Divorce QuizWhat are the details of ending a Jewish marriage? What contemporary concerns figure into the discussion?
Question 1. Is a civil divorce accepted as fully dissolving a marriage?
Yes, according to Reform Judaism.
Yes, according to Reform and Reconstructionist Judaism.
Yes, according to Reform, Reconstructionist, and Conservative Judaism.
Question 2. What is the name of the Jewish bill of divorce?
Question 3. What is the ceremony called in which a childless widow's brother-in-law is released from his obligation to marry his late brother's wife?
Question 4. Which of these statements best describes the Reform movement's policy on divorce?
The moment a couple divorces in a civil court in the U.S., their marriage is considered dissolved in the eyes of Jewish law.
A get is absolutely required, but it can be initiated by either the husband or the wife.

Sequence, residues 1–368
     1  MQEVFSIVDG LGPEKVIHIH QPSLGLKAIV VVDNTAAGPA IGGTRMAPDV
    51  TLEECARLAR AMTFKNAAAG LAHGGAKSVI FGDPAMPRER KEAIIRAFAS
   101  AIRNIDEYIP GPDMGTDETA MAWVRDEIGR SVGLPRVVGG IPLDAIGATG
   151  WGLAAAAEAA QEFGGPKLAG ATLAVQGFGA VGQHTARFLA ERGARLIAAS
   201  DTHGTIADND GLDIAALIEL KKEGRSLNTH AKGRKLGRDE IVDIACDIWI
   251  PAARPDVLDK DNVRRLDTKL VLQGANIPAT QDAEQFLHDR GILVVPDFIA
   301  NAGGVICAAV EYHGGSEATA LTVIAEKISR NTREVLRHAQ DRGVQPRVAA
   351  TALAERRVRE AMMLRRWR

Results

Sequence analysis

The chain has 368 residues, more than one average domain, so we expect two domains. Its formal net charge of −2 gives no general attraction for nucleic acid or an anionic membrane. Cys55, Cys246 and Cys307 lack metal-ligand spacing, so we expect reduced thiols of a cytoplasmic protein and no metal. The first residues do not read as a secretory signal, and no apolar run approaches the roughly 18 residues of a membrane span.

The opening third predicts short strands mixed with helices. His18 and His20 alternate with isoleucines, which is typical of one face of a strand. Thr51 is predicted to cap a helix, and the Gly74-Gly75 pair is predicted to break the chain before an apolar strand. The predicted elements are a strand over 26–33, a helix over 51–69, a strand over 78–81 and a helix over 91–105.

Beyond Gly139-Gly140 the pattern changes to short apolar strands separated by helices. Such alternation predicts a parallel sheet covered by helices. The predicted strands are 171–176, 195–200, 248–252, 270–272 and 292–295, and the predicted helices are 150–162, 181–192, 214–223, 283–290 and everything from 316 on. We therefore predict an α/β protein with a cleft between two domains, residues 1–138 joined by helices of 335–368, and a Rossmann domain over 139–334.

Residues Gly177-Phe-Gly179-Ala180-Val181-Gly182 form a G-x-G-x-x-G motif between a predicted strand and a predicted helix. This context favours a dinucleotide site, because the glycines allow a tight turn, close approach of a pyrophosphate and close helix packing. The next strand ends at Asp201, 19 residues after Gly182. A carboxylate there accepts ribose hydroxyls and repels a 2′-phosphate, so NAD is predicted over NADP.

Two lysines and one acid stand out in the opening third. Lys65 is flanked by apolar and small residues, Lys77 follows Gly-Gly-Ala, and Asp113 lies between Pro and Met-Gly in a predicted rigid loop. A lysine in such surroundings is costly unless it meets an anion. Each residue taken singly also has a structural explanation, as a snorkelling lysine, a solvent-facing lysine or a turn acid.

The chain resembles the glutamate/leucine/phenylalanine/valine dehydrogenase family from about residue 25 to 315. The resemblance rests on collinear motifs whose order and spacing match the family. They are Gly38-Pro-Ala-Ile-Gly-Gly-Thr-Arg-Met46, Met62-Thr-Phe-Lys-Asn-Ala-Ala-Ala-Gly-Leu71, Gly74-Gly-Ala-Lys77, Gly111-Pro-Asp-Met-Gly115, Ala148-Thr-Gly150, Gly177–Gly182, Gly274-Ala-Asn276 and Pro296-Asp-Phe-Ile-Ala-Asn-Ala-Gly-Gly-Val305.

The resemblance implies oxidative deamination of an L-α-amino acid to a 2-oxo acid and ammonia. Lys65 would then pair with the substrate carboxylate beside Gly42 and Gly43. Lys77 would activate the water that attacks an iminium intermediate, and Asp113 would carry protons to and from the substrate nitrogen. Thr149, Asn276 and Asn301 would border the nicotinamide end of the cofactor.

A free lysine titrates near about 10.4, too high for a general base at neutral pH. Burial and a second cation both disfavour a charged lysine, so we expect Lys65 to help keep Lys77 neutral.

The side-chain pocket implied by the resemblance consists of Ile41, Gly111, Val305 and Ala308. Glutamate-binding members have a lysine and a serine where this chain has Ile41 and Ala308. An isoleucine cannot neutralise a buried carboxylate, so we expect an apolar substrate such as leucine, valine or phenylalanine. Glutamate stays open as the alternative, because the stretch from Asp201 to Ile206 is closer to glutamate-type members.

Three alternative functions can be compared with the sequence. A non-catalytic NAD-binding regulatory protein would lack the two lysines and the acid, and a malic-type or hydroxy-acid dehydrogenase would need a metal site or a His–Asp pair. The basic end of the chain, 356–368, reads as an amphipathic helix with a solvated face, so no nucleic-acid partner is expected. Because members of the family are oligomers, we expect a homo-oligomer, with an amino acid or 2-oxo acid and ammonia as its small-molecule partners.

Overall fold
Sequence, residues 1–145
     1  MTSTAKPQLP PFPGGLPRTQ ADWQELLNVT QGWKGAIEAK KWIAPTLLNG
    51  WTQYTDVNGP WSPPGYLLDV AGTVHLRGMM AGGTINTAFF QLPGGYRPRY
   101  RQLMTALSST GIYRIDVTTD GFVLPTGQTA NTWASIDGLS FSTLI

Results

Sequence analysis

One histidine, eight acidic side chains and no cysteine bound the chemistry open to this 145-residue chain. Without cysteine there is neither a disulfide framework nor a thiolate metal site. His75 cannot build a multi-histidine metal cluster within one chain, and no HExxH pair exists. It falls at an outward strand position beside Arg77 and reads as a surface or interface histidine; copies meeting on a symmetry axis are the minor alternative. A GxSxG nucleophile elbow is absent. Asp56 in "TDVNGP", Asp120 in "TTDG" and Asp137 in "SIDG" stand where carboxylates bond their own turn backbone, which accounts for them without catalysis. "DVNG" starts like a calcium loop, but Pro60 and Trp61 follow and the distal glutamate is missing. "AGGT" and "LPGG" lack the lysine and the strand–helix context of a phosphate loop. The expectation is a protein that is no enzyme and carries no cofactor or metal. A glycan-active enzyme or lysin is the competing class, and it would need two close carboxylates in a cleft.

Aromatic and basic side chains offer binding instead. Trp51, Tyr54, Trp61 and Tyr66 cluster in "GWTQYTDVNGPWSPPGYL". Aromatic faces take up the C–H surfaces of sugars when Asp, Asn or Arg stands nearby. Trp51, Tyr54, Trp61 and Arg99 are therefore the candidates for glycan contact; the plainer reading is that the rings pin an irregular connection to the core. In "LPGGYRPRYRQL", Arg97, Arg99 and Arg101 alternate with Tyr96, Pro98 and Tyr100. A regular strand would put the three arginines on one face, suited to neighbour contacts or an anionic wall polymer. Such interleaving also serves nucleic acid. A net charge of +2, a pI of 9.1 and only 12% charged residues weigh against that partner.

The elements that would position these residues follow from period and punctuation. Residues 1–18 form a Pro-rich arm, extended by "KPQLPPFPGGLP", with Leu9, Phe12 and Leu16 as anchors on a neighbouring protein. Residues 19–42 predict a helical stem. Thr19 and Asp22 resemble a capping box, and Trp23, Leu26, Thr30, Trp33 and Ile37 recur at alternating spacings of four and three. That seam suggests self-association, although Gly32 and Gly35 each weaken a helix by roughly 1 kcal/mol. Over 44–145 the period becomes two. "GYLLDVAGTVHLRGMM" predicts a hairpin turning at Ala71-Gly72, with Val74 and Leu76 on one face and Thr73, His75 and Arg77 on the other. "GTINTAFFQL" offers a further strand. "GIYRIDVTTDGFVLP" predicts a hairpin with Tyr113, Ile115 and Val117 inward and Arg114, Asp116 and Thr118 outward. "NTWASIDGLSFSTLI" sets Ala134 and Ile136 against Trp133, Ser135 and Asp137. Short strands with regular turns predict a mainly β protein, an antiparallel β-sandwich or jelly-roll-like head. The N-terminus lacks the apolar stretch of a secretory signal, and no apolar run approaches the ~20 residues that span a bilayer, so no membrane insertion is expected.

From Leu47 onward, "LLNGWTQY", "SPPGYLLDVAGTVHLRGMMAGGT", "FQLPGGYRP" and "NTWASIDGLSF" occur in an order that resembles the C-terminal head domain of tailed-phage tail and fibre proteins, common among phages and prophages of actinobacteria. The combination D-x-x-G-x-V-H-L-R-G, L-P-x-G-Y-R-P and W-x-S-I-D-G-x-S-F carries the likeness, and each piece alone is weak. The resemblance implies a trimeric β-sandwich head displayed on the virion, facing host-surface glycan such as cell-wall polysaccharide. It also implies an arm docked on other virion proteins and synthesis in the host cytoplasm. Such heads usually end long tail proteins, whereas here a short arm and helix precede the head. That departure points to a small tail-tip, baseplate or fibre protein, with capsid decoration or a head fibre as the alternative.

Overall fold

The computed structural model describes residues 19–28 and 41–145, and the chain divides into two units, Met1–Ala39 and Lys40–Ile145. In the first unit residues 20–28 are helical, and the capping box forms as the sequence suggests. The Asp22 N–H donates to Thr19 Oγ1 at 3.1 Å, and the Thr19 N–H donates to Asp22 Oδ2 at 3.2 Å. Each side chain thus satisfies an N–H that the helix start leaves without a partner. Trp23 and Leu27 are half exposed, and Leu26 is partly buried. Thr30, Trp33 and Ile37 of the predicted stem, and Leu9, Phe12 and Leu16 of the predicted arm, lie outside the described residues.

A get is required to end marriages between a man and a woman, but not to end same-sex marriages.
When a man divorces the wife of his youth, even the altar of God sheds tears.
Question 5. Once divorced, is a couple allowed to remarry each other, according to Jewish law?
Yes, but only with rabbinical approval.
Question 6. Which of these statements about mamzerim is true?
They may only marry converts or other mamzerim
They are the result of an adulterous or incestuous union
Although they are limited in who they can marry, they suffer no other penalties according to Jewish law
All of the above
Question 7. If a man refuses to give his wife a Jewish bill of divorce, what is her legal status?
She is considered a "chained wife" who cannot remarry
She is shunned by society
She can become a mistress to another man
She has to be a servant in her husband's household
Question 8. True or false: Divorce is a mitzvah.
Question 9. True or false: People present at the divorce tribunal may protest the divorce.
Question 10. What is a shetar piturin?
A series of questions the rabbi must ask the husband to make sure he is legally able to divorce his wife
A document of release granted by the rabbi, which allows divorcees to remarry
A specified amount of money that the husband must pay the wife upon divorce
The rabbinic court which has expertise in the laws of Jewish divorce